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    Modernism & Post-modernism
    by Stefan Shillington

    It is tempting to say that too much has already been written about Modernism & Post-modernism, and that much of the writing has just caused the confusion. What follows is an attempt to pull out the essentials of these two fields of art without adding to the confusion

    From its invention photography was seen as a way both to record the world and to produce art. Its great asset was its "realism", and from the start photographers were intent on achieving a good likeness of what was in front of the camera, or in the mind's eye. Towards the end of the nineteenth century however the desire to have photography recognised as an art form led to attempts to ape existing art forms, in particular painting. This pictorialism resulted in effects such as soft focus becoming very popular. By around 1920 however the desire to see photography as an art in its own right resulted in pictorialism returning to realism and objectivity, and to the rise of Modernism.

    Modernism is a product of the Enlightenment, which had its origins, c1700, in the search through reason for knowledge and truth. As applied to photography it sought technical perfection in the quest for truth. Realism without technical manipulation was its goal. Creative achievement was to be found in the choice of motifs and photographic depiction, using only viewpoint, focal length and exposure, or if you prefer, framing, perspective and exposure. Nowadays such strictures are not so rigidly imposed. Manipulation is accepted if it helps to show what the author saw in his mind's eye.

    Postmodernism arose (it is said in 1968) as a reaction to the perfection of modernism, to the sterility of the flawless representation of the found object. Henceforth the image would be fabricated by any method, with any degree of manipulation being acceptable. Creative achievement would be measured by the degree to which objectivity and realism were undermined. Technical finesse would not be allowed in relation to the quality of the work, except where technical quality was part of the message. Post-modernism is in fact anti-modernism. Modernism was seen to have failed; therefore everything had to go - nihilism. It happened in popular music too - the apparent perfection of Prog Rock was ousted by Punk.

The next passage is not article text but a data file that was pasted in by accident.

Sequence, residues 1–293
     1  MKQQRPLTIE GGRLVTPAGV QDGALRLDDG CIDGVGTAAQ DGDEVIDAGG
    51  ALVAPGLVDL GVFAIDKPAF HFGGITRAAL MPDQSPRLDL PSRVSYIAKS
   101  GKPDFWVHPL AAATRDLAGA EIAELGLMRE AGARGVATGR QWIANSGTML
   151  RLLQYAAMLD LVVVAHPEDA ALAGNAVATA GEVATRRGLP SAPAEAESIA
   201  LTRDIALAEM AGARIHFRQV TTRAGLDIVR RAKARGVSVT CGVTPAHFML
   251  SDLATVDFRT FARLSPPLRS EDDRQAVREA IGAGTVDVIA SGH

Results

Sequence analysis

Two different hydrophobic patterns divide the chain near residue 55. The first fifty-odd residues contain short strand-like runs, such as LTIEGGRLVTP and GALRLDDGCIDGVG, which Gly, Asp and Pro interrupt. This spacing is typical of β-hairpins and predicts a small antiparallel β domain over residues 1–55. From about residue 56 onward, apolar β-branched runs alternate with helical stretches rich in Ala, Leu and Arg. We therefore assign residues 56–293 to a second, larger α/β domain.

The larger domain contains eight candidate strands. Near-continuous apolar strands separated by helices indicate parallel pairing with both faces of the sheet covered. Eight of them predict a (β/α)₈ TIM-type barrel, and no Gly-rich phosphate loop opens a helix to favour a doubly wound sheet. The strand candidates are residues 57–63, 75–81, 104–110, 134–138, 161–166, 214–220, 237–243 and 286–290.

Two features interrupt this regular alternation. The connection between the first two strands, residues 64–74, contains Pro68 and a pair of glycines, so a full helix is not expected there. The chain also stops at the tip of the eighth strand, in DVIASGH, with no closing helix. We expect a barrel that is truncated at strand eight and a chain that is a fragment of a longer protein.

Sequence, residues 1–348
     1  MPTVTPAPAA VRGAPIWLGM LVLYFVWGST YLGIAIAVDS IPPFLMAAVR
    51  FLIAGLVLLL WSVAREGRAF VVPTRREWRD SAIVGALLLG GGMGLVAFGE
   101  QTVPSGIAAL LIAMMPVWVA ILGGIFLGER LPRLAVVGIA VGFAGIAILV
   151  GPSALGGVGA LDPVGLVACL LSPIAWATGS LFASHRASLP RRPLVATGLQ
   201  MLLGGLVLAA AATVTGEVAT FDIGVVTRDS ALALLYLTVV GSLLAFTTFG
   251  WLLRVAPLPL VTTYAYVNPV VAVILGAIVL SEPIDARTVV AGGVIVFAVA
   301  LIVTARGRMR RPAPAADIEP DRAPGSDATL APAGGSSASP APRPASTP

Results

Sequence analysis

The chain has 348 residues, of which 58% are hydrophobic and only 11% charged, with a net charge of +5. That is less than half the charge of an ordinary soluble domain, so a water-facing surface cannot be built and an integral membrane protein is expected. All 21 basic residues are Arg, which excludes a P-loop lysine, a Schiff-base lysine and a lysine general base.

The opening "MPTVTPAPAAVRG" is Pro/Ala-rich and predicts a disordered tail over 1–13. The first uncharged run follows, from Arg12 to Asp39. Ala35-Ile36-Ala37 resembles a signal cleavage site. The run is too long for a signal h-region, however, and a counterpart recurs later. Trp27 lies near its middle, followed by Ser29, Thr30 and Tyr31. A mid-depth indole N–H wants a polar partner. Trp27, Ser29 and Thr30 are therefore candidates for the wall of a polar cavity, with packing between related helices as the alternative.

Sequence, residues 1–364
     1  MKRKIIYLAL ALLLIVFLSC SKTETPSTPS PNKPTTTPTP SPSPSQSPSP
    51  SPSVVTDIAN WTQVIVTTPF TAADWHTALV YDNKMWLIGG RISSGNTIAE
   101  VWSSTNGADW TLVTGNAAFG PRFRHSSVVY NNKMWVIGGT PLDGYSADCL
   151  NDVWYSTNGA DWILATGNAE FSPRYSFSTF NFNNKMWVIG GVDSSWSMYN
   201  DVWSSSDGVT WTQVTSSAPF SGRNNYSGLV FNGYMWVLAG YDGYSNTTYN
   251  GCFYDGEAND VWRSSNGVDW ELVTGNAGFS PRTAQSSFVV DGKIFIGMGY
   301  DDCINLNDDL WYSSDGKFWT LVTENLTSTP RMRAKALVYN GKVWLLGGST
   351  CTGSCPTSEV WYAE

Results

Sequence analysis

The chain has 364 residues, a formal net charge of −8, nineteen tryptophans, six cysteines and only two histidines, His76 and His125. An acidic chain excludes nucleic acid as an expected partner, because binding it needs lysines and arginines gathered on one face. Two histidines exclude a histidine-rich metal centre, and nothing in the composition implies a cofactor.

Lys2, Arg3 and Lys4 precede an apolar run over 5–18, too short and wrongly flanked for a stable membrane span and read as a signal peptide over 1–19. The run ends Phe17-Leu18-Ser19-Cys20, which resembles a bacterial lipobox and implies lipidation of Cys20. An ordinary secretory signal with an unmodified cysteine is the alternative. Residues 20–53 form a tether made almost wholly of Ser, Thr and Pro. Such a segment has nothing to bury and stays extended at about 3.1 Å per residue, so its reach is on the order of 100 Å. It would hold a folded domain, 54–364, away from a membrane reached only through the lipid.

A metaphor: John Szarkowski, arguably the greatest authority on photography of the twentieth century, captured the essence of the distinction when he spoke of "windows" and "mirrors". With Modernism we are invited to see what the artist sees, to look through the window at what is there. In Post-modernism we are invited to speculate about what is in front of us, to look in the mirror and apply our own experience to what we see. The modernist photograph is complete in itself; the post-modernist is not complete till it is viewed.

    This simple picture of a wave is Modern, what you see is what you get.

    In this Post-modern version, with its increased foreground, the viewer is invited to join the photographer standing in the water, and speculate about the risk of getting very wet.

    This picture of a window seat suggests no more than that it would be a pleasant place to sit. It is Modern.

    This view of the same window seat invites questions. Who is she? It is a 'she' isn't it? What is the document on the table? Is it relevant? Why is she not sitting in the other seat? We may conclude that she is waiting for someone, it may be a business meeting, but maybe it's a tryst, or both!? We have now imbued the image with our own meaning which it didn't have till we viewed it. It is definitely Post-modern.

    This is a very plain and apparently uninteresting piece of sea. As it stands it is undeniably Modern.

    Now we learn its title 'Graveyard, Western Approaches' It is no longer the plain piece of sea it was a moment ago. We are invited to consider that many people have died here over the centuries, maybe even people known to us. We will each think of this in our own way, depending on our life's experiences. It is Post-modern

    © Stefan Shillington



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